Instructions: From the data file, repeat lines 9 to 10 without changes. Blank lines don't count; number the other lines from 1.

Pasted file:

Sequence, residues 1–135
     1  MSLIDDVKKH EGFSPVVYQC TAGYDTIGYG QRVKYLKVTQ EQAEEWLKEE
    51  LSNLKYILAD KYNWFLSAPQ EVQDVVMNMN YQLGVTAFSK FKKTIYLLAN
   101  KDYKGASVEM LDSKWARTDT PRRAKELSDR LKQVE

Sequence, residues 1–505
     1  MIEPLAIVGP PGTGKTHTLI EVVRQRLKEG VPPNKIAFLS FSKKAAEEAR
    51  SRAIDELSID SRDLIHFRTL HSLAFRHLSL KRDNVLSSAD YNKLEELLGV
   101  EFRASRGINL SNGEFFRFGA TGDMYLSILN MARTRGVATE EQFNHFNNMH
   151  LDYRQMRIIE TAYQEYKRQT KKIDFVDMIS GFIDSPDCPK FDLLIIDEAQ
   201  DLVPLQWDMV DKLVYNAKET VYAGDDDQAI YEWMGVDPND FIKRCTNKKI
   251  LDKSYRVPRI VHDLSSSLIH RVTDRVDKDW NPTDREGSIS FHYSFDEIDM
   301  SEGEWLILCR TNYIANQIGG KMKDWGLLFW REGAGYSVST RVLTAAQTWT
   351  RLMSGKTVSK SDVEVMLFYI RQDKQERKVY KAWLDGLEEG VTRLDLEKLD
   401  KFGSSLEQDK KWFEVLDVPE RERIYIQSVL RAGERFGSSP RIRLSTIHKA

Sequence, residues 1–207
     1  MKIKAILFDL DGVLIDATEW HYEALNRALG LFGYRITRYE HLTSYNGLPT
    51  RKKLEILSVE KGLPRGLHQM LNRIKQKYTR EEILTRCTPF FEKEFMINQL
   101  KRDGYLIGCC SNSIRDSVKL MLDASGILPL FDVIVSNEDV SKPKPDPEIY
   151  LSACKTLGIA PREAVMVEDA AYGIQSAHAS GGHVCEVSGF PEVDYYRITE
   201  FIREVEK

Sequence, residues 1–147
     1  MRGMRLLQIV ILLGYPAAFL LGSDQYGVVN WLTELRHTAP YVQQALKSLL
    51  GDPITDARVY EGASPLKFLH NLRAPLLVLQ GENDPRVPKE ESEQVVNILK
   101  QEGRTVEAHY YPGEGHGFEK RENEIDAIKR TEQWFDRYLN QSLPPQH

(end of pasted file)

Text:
   151  LDYRQMRIIE TAYQEYKRQT KKIDFVDMIS GFIDSPDCPK FDLLIIDEAQ
   201  DLVPLQWDMV DKLVYNAKET VYAGDDDQAI YEWMGVDPND FIKRCTNKKI